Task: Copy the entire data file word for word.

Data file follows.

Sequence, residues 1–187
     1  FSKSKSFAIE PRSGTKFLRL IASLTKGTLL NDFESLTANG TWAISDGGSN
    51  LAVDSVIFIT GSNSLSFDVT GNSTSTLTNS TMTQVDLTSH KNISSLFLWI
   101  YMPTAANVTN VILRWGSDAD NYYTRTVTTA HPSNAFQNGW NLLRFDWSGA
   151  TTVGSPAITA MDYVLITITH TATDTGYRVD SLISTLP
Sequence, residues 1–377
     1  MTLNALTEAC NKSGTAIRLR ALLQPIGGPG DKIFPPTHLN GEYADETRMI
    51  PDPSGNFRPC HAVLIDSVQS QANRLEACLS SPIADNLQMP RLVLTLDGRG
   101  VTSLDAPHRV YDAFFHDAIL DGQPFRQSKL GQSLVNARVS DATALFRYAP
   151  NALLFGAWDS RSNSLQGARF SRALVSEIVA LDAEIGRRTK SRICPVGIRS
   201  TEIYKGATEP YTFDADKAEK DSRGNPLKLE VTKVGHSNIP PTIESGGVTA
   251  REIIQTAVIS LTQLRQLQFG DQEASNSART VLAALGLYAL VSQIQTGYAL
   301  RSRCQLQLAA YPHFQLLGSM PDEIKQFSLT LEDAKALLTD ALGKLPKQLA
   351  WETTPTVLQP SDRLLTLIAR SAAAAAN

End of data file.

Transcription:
Sequence, residues 1–187
     1  FSKSKSFAIE PRSGTKFLRL IASLTKGTLL NDFESLTANG TWAISDGGSN
    51  LAVDSVIFIT GSNSLSFDVT GNSTSTLTNS TMTQVDLTSH KNISSLFLWI
   101  YMPTAANVTN VILRWGSDAD NYYTRTVTTA HPSNAFQNGW NLLRFDWSGA
   151  TTVGSPAITA MDYVLITITH TATDTGYRVD SLISTLP
Sequence, residues 1–377
     1  MTLNALTEAC NKSGTAIRLR ALLQPIGGPG DKIFPPTHLN GEYADETRMI
    51  PDPSGNFRPC HAVLIDSVQS QANRLEACLS SPIADNLQMP RLVLTLDGRG
   101  VTSLDAPHRV YDAFFHDAIL DGQPFRQSKL GQSLVNARVS DATALFRYAP
   151  NALLFGAWDS RSNSLQGARF SRALVSEIVA LDAEIGRRTK SRICPVGIRS
   201  TEIYKGATEP YTFDADKAEK DSRGNPLKLE VTKVGHSNIP PTIESGGVTA
   251  REIIQTAVIS LTQLRQLQFG DQEASNSART VLAALGLYAL VSQIQTGYAL
   301  RSRCQLQLAA YPHFQLLGSM PDEIKQFSLT LEDAKALLTD ALGKLPKQLA
   351  WETTPTVLQP SDRLLTLIAR SAAAAAN